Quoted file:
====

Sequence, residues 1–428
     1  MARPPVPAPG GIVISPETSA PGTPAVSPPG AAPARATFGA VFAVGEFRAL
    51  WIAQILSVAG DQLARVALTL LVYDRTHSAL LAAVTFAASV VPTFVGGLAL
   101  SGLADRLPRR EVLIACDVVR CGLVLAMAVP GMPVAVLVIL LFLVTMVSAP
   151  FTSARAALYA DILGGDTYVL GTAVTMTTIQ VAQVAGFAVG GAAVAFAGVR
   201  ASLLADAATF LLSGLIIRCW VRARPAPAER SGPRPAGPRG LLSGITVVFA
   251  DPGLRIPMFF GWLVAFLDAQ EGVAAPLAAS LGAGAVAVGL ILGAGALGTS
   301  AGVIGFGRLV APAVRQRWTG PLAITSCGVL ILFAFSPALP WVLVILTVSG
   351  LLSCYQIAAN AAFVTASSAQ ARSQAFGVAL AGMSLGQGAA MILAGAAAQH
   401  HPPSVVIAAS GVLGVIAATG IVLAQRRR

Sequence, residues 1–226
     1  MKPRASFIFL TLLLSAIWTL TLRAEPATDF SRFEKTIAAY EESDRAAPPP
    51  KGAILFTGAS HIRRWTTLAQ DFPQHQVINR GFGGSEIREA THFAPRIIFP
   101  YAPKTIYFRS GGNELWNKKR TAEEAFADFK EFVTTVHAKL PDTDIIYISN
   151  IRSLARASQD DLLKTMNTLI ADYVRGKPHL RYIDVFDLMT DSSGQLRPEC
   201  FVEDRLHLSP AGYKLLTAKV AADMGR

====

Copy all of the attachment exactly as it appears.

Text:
Sequence, residues 1–428
     1  MARPPVPAPG GIVISPETSA PGTPAVSPPG AAPARATFGA VFAVGEFRAL
    51  WIAQILSVAG DQLARVALTL LVYDRTHSAL LAAVTFAASV VPTFVGGLAL
   101  SGLADRLPRR EVLIACDVVR CGLVLAMAVP GMPVAVLVIL LFLVTMVSAP
   151  FTSARAALYA DILGGDTYVL GTAVTMTTIQ VAQVAGFAVG GAAVAFAGVR
   201  ASLLADAATF LLSGLIIRCW VRARPAPAER SGPRPAGPRG LLSGITVVFA
   251  DPGLRIPMFF GWLVAFLDAQ EGVAAPLAAS LGAGAVAVGL ILGAGALGTS
   301  AGVIGFGRLV APAVRQRWTG PLAITSCGVL ILFAFSPALP WVLVILTVSG
   351  LLSCYQIAAN AAFVTASSAQ ARSQAFGVAL AGMSLGQGAA MILAGAAAQH
   401  HPPSVVIAAS GVLGVIAATG IVLAQRRR

Sequence, residues 1–226
     1  MKPRASFIFL TLLLSAIWTL TLRAEPATDF SRFEKTIAAY EESDRAAPPP
    51  KGAILFTGAS HIRRWTTLAQ DFPQHQVINR GFGGSEIREA THFAPRIIFP
   101  YAPKTIYFRS GGNELWNKKR TAEEAFADFK EFVTTVHAKL PDTDIIYISN
   151  IRSLARASQD DLLKTMNTLI ADYVRGKPHL RYIDVFDLMT DSSGQLRPEC
   201  FVEDRLHLSP AGYKLLTAKV AADMGR